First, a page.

The Mayor of Casterbridge


Thomas Hardy

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The Effigies Symbol Icon
The effigies are symbols in several ways within this novel. Most simplistically, the effigies are symbolic within the story and for the characters who construct them and see them. The poor folk of Mixen Lane who learn of Lucetta and Henchard’s secret past wish to harm the wealthy folk by bringing the secret into the open. By constructing the effigies of Lucetta and Henchard, and parading them through the town together, the poor folk are using the effigies to symbolize Lucetta and Henchard’s improper relationship. Lucetta, Henchard, and the other folk who witness the skimmington must understand the symbolism behind the figures in order to understand what is implied about Lucetta and Henchard. In a more complex way, the effigies function as distinct symbols for Lucetta and Henchard. Lucetta panics and faints when she sees the effigies. This reaction eventually leads to her death. The effigies threaten her happiness and the love she shares with her husband. For her, they are symbolic of the dangers of public scandal, words, and knowledge. Lucetta’s death shows that immaterial things, like fear and emotion, are as dangerous as physical weapons like swords and guns. For Lucetta, the effigies symbolize the power of secrets and information. For Henchard, the effigy of himself saves his life at the second bridge. Seeing the effigy appears to Henchard to be a miracle, an intervention in a dark moment. The effigy symbolizes the power of situations and events to change human lives. Without the effigies, Henchard may have had a different fate.

The Effigies Quotes in The Mayor of Casterbridge

The The Mayor of Casterbridge quotes below all refer to the symbol of The Effigies. For each quote, you can also see the other characters and themes related to it (each theme is indicated by its own dot and icon, like this one:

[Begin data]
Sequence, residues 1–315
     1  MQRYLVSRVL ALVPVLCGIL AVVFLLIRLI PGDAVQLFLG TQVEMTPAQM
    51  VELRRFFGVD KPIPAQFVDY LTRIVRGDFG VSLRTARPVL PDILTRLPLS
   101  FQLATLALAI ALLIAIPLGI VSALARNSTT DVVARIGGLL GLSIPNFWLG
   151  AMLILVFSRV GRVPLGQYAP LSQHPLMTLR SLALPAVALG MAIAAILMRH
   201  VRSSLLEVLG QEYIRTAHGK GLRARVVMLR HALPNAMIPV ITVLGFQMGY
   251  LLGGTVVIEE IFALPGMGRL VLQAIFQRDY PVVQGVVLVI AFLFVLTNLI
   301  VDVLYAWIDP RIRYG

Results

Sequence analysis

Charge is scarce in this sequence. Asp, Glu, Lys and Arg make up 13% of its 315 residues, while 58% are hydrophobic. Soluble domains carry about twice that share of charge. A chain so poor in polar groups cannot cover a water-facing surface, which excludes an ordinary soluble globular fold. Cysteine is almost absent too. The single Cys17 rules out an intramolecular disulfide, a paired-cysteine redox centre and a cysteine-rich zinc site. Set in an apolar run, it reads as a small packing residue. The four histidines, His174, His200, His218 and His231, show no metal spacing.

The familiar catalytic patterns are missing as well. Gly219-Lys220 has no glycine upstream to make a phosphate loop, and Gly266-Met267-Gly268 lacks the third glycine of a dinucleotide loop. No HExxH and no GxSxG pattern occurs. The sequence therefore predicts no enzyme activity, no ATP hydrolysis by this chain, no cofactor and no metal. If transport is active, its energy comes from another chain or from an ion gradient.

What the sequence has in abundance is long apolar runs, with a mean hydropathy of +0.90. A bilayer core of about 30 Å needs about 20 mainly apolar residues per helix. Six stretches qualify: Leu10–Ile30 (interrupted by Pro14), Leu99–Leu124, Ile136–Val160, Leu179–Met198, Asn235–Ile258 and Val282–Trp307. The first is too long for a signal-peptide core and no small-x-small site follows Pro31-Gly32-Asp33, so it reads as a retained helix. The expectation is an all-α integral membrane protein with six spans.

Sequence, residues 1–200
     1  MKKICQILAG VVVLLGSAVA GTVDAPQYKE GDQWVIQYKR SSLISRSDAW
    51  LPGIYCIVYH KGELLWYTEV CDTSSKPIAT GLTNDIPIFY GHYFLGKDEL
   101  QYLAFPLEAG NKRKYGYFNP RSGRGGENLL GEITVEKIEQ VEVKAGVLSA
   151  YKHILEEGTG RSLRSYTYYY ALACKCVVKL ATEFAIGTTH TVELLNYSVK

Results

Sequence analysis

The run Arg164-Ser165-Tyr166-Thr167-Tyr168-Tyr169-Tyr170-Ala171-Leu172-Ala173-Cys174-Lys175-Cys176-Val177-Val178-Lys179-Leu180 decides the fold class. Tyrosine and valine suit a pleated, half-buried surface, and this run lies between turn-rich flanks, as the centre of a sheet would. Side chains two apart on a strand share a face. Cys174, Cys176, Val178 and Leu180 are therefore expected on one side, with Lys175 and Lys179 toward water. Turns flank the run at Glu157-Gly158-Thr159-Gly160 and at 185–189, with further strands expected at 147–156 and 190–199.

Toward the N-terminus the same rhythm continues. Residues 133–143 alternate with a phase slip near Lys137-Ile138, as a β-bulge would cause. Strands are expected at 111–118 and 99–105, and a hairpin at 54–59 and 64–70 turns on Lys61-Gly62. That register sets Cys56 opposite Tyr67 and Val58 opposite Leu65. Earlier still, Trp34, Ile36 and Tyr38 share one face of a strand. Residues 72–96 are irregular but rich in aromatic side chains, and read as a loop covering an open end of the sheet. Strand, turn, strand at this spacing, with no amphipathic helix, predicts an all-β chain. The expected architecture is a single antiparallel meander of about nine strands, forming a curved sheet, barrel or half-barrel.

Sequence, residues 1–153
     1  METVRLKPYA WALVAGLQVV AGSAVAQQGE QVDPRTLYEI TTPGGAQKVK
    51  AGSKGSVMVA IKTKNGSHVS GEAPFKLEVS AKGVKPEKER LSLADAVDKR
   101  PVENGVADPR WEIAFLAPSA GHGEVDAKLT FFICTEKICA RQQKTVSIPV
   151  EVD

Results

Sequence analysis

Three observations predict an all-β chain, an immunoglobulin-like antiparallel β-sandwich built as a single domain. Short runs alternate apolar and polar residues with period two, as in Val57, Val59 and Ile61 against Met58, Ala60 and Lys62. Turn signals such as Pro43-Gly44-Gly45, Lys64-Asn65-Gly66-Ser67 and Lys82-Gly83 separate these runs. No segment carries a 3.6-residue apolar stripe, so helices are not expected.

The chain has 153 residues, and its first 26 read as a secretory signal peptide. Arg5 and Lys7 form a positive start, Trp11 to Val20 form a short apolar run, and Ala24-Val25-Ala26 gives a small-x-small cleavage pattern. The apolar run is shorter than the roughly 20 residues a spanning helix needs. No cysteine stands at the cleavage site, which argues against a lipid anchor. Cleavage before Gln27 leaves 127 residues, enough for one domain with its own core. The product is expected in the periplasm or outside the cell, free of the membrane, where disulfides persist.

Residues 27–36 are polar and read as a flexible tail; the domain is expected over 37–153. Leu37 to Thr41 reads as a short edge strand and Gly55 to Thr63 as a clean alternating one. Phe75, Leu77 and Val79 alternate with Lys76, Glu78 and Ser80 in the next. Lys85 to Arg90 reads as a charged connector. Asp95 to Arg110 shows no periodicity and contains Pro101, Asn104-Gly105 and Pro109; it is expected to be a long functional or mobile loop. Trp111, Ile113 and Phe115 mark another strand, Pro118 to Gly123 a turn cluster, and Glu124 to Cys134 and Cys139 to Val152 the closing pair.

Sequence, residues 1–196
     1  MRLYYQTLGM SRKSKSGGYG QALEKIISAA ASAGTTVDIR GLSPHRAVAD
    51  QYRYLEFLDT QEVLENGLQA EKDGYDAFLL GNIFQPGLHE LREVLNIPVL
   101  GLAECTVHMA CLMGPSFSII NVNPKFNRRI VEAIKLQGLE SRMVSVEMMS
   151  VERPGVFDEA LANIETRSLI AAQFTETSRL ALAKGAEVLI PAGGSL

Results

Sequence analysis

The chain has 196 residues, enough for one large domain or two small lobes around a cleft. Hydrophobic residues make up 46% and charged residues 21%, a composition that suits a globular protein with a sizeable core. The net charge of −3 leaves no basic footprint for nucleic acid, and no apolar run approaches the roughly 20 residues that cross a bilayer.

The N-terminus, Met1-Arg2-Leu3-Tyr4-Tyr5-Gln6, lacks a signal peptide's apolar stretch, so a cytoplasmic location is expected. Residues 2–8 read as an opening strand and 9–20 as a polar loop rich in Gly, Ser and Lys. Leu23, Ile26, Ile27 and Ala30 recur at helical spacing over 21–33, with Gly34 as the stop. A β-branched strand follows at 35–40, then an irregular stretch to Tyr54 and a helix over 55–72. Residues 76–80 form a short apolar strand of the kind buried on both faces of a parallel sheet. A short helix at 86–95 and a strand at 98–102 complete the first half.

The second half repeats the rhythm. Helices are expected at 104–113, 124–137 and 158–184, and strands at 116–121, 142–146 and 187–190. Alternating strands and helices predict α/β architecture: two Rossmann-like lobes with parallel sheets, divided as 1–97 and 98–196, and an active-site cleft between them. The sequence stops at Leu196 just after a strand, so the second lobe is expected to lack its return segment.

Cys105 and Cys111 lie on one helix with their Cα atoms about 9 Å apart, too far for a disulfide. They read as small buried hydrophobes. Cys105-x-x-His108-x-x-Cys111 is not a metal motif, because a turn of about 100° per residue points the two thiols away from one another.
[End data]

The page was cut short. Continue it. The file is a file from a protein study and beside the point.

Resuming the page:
Self-Destruction Theme Icon
). Note: all page numbers and citation info for the quotes below refer to the Penguin Classics edition of The Mayor of Casterbridge published in 2003.
Chapter 41 Quotes

In the circular current imparted by the central flow the form was brought forward, till it passed under his eyes; and then he perceived with a sense of horror that it was himself. Not a man somewhat resembling him, but one in all respects his counterpart, his actual double, was floating as if dead in Ten Hatches Hole. The sense of the supernatural was strong in this unhappy man, and he turned away as one might have done in the actual presence of an appalling miracle. He covered his eyes and bowed his head. Without looking again into the stream he took his coat and hat, and went slowly away.

Related Characters: Michael Henchard
Related Symbols: The Second Bridge, The Effigies
Page Number: 293
Explanation and Analysis:

“That performance of theirs killed her, but kept me alive!”

Related Characters: Michael Henchard (speaker), Lucetta Templeman
Related Symbols: The Effigies
Page Number: 294
Explanation and Analysis:
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